On Monday the Climate Leadership Council announced an impressive group of new corporate and individual supporters for their “carbon dividends” plan – a version of revenue neutral carbon tax.

Eleven global corporations – including oil and gas supermajors ExxonMobil, BP and Shell, and auto maker General Motors – signed on as corporate Founding Members of the Council. The Council also announced an impressive list of individual supporters for the plan. Joining co-authors, former Reagan administration Secretaries of State and Treasury George Shultz and James Baker, are a diverse group ranging from former New York Mayor and businessman Michael Bloomberg and former Clinton Treasury Secretary Larry Summers to physicist Stephen Hawking.

The “carbon dividends” plan would impose a gradually rising carbon tax starting at $US 40 per tonne. 100% of the revenues would be refunded to taxpayers in the form of an equal per capita “carbon dividends” payment. The plan would roll back unnecessary regulations (for example, the Obama Administration’s Clean Power Plan) as the rising carbon price would deliver more emissions reductions without regulation. And competitiveness for American business would be protected by making the carbon tax border adjusted – it would be refunded on exports and imposed on imports.

In ad op-ed in the Washington Post, George Shultz and Larry Summers stated that this plan “can strengthen the U.S. economy in ways highly valued by both the left and right and simultaneously spur global efforts to address climate change. Adopting a carbon dividend approach would pay huge dividends for the global climate, the U.S. economy and U.S. leadership in the world.”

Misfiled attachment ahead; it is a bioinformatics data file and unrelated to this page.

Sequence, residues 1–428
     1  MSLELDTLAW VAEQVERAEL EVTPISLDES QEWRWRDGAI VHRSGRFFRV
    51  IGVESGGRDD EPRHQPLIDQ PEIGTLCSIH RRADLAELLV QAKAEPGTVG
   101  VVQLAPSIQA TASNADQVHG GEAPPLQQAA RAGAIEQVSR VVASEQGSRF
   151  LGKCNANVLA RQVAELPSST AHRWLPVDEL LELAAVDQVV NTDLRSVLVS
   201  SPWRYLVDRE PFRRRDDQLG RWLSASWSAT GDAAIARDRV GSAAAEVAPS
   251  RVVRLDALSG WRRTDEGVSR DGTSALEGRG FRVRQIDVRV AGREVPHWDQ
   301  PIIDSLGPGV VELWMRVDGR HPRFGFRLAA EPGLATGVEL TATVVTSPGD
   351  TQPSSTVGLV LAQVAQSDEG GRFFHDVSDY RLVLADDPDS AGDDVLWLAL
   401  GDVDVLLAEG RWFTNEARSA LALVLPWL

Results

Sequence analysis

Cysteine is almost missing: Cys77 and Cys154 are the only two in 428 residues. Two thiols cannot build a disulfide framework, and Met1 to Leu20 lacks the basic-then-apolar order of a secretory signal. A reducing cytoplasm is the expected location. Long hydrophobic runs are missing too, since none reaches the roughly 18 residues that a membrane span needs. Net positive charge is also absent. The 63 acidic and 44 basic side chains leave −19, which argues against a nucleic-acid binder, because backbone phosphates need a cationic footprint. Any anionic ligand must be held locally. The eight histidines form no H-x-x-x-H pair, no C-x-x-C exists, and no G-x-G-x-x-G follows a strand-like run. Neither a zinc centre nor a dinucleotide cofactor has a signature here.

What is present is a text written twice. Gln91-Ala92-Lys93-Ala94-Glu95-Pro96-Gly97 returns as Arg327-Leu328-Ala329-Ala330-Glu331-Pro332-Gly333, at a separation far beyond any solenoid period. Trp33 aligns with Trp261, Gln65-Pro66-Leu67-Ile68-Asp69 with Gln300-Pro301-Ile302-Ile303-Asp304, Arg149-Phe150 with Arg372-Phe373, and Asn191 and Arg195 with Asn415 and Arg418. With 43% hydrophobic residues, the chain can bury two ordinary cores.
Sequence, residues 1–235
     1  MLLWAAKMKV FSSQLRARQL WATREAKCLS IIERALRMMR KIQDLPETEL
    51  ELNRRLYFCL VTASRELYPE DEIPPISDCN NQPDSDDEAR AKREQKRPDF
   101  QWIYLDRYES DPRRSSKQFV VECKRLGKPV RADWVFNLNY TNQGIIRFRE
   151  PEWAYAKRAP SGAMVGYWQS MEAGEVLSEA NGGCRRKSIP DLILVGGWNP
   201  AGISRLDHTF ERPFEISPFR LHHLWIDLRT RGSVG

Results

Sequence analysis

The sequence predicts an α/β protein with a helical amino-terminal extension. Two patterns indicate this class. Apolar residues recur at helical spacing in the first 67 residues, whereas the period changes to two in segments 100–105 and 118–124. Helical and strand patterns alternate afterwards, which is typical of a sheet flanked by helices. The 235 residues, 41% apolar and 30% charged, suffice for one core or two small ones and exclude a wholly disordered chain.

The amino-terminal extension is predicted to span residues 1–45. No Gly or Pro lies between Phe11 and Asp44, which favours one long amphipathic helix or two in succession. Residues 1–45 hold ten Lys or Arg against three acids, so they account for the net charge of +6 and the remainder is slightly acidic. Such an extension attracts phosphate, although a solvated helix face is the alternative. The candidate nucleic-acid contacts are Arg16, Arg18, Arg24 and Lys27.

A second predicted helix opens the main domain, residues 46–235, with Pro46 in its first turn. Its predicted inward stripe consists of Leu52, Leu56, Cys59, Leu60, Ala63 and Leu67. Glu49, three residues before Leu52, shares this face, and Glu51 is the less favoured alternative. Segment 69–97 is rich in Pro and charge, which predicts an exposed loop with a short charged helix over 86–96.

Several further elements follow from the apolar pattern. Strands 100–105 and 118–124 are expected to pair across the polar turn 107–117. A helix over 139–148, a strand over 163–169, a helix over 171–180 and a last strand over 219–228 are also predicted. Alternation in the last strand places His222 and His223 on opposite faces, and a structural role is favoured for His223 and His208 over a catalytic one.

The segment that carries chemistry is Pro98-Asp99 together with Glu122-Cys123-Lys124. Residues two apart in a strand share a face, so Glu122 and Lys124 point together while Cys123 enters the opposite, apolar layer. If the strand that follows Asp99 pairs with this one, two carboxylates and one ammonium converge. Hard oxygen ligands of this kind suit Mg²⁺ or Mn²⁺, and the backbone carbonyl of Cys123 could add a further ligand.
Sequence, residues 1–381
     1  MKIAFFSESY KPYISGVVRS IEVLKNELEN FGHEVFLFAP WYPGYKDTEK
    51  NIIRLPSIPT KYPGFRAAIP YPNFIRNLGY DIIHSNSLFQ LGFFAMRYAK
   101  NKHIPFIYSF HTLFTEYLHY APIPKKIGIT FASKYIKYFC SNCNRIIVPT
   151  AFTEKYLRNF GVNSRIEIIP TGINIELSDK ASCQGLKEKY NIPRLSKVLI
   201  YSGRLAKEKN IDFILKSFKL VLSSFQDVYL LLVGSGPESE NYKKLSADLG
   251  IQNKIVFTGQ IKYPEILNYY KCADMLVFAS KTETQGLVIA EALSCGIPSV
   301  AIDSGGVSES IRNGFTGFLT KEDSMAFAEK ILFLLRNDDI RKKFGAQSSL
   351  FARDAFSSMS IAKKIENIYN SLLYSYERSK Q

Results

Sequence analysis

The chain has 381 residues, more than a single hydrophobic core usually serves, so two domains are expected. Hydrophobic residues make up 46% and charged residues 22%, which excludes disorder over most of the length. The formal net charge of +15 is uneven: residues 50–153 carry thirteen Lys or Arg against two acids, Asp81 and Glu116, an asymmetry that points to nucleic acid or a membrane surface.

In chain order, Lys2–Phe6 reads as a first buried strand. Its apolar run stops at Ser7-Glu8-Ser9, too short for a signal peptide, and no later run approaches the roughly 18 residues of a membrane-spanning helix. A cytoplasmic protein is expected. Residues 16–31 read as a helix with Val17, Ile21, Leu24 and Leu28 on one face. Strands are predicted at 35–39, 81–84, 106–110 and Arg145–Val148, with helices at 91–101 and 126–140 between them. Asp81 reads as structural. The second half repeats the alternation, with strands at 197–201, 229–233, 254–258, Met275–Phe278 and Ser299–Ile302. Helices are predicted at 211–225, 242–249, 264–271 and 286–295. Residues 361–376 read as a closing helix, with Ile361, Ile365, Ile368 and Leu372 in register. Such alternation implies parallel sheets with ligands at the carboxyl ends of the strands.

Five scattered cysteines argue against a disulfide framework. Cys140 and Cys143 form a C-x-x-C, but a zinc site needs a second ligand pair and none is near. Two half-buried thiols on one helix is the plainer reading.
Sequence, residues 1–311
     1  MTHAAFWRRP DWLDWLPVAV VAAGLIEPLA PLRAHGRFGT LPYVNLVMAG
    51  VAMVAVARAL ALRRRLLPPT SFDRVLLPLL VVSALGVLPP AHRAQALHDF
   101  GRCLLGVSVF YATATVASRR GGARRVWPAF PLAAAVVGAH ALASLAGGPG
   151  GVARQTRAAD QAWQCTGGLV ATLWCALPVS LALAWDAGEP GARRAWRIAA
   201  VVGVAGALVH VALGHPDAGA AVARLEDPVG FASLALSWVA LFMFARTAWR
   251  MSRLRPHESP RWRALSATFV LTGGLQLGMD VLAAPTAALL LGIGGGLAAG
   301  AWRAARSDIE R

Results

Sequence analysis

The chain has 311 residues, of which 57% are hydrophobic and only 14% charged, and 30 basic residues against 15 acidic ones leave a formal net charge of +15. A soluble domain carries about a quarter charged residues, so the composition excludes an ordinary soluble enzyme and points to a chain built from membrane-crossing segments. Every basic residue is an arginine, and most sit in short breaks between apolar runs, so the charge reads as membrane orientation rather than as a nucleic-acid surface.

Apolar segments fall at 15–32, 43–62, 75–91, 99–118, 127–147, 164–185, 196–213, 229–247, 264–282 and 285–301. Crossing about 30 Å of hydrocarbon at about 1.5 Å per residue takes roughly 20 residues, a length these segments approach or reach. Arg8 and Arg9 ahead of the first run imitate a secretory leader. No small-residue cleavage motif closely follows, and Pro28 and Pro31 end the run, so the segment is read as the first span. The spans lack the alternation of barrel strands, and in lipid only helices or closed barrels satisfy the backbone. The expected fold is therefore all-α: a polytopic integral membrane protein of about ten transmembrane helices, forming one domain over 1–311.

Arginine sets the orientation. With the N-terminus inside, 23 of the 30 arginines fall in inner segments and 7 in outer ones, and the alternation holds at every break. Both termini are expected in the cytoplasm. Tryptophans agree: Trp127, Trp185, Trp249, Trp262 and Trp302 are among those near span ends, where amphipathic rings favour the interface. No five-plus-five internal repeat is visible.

While ExxonMobil has previously stated that it would support a revenue neutral carbon tax, this represents the first time that the world’s largest oil company has supported a specific plan. And it shows, once again, that despite the Trump Administration’s intended withdrawal from the Paris Climate Accord, that there is considerable support from business, state and local governments, and important political voices in both the Republican and Democratic parties for further climate action. In fact, a new poll shows that Americans oppose Trump’s decision to leave Paris by a 46% to 29% margin.

Meanwhile groups like the Citizens’ Climate Lobby, which is proposing a fee and dividend proposal very similar to the Shultz-Baker plan, has brought together a 42-member Climate Solutions Caucus in congress – with equal numbers of Republicans and Democrats, to work on bipartisan proposals to combat climate change. In a time when American politics is more divided than ever, the fact that groups like the Climate Leadership Council and Citizens’ Climate Lobby can bring politicians together across the aisle to tackle climate change is very impressive.

So climate action may be coming in the United States despite the Trump Administration. And the leading proposal to reduce America’s greenhouse gas emissions while strengthening the economy is a revenue neutral carbon tax that refunds the money directly to households.